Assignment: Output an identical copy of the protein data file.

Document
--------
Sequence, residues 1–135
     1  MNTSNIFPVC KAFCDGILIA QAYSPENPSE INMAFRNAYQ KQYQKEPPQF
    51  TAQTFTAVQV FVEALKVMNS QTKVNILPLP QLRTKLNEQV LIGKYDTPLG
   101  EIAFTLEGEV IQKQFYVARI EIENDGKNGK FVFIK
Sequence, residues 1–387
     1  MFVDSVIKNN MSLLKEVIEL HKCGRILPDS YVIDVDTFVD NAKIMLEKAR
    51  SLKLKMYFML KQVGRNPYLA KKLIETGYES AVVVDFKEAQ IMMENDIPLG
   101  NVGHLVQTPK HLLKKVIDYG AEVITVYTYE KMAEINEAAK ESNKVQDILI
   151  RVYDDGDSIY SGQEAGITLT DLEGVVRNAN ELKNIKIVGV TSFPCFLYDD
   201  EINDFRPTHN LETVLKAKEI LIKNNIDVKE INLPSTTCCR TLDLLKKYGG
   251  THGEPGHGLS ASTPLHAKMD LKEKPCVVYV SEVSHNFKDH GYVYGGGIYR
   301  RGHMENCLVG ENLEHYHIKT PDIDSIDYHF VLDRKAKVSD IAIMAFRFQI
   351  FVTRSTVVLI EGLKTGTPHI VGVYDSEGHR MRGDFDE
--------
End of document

Sequence, residues 1–135
     1  MNTSNIFPVC KAFCDGILIA QAYSPENPSE INMAFRNAYQ KQYQKEPPQF
    51  TAQTFTAVQV FVEALKVMNS QTKVNILPLP QLRTKLNEQV LIGKYDTPLG
   101  EIAFTLEGEV IQKQFYVARI EIENDGKNGK FVFIK
Sequence, residues 1–387
     1  MFVDSVIKNN MSLLKEVIEL HKCGRILPDS YVIDVDTFVD NAKIMLEKAR
    51  SLKLKMYFML KQVGRNPYLA KKLIETGYES AVVVDFKEAQ IMMENDIPLG
   101  NVGHLVQTPK HLLKKVIDYG AEVITVYTYE KMAEINEAAK ESNKVQDILI
   151  RVYDDGDSIY SGQEAGITLT DLEGVVRNAN ELKNIKIVGV TSFPCFLYDD
   201  EINDFRPTHN LETVLKAKEI LIKNNIDVKE INLPSTTCCR TLDLLKKYGG
   251  THGEPGHGLS ASTPLHAKMD LKEKPCVVYV SEVSHNFKDH GYVYGGGIYR
   301  RGHMENCLVG ENLEHYHIKT PDIDSIDYHF VLDRKAKVSD IAIMAFRFQI
   351  FVTRSTVVLI EGLKTGTPHI VGVYDSEGHR MRGDFDE